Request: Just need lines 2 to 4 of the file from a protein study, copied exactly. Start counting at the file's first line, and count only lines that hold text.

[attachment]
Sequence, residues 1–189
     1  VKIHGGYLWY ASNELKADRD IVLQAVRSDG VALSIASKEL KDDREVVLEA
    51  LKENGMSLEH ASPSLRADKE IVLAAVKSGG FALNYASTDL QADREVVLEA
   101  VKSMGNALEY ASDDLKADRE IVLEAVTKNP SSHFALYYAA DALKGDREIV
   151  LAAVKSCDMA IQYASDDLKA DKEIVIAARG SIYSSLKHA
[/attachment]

     1  VKIHGGYLWY ASNELKADRD IVLQAVRSDG VALSIASKEL KDDREVVLEA
    51  LKENGMSLEH ASPSLRADKE IVLAAVKSGG FALNYASTDL QADREVVLEA
   101  VKSMGNALEY ASDDLKADRE IVLEAVTKNP SSHFALYYAA DALKGDREIV